Why do Reisman and Wineburg call text complexity an instructional dilemma?
The dilemma is that while students should deal with texts that are complex both linguistically and intellectually, if they spend all of their time dealing with comprehending the challenging language, they will not have the resources to try to understand and analyze what the author means or how that information connects to their other knowledge. So the dilemma is how to help the students accomplish the second without getting bogged down by the first.
What are Reisman and Wineburg's suggestions for dealing with this instructional dilemma?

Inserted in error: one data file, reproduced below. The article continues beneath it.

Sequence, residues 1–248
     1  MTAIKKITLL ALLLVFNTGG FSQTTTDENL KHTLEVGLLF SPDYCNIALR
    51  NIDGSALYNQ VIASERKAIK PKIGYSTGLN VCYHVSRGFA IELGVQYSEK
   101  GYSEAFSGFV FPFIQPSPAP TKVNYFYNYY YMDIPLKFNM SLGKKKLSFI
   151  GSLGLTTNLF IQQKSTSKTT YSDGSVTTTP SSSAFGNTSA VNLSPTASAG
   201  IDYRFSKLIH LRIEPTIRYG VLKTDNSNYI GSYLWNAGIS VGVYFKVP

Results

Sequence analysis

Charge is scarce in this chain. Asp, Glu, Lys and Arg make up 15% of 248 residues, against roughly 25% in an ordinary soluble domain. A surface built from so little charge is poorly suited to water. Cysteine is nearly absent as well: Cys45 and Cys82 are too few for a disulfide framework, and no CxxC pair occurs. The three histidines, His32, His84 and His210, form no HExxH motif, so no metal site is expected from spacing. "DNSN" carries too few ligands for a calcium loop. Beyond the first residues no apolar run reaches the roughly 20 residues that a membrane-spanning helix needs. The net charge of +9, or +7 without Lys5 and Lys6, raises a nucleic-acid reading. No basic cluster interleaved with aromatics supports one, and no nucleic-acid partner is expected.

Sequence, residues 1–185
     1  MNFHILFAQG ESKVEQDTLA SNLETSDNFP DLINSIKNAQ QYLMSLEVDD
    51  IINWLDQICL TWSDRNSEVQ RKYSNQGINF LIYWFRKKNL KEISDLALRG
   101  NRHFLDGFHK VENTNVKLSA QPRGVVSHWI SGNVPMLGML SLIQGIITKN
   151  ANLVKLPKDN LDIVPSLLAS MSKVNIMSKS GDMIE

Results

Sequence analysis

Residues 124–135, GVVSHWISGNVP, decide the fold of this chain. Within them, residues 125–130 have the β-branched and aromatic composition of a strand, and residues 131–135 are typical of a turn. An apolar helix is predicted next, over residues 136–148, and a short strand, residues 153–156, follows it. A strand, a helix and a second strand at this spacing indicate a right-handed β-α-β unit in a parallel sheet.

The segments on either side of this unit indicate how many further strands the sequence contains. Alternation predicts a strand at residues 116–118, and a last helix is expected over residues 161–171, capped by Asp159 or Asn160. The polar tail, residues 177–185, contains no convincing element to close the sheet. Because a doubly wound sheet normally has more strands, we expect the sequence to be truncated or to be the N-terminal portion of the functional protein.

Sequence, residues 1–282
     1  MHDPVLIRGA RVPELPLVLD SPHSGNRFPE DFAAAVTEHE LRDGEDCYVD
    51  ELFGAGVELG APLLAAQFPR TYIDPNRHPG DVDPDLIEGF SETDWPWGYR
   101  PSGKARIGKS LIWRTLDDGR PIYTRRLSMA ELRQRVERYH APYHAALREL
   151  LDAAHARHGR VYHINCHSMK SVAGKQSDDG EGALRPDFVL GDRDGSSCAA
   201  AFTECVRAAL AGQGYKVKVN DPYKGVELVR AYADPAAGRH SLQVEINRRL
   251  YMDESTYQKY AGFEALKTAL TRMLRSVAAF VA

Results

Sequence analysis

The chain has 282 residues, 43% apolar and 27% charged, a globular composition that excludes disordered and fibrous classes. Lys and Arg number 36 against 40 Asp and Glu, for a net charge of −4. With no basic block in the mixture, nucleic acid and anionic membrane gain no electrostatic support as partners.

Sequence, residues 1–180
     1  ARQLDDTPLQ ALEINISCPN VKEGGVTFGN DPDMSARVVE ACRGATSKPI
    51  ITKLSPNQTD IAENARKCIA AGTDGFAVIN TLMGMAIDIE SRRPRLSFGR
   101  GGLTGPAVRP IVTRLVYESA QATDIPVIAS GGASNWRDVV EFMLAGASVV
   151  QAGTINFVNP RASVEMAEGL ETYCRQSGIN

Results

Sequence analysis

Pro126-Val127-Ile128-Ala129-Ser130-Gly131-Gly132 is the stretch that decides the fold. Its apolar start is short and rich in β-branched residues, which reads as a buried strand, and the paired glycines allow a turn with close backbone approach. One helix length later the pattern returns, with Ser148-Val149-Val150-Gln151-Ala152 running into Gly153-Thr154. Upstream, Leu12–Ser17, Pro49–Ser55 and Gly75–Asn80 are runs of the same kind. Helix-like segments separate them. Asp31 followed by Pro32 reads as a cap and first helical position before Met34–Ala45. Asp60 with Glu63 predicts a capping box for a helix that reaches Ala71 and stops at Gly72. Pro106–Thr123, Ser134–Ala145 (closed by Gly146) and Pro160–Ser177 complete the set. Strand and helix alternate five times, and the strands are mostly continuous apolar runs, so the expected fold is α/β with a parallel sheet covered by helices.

They offer three suggestions for helping students analyze the important aspects of primary sources. 1) pose a historical question to frame instruction and guide students' close reading and analysis of the primary source, 2) provide a carefully modified document that preserves the author's intent and language as much as possible alongside the original document to approximate students' reading levels, and 3) provide students with ample practice to read and analyze historical documents so they become more adept at managing more and more complex text.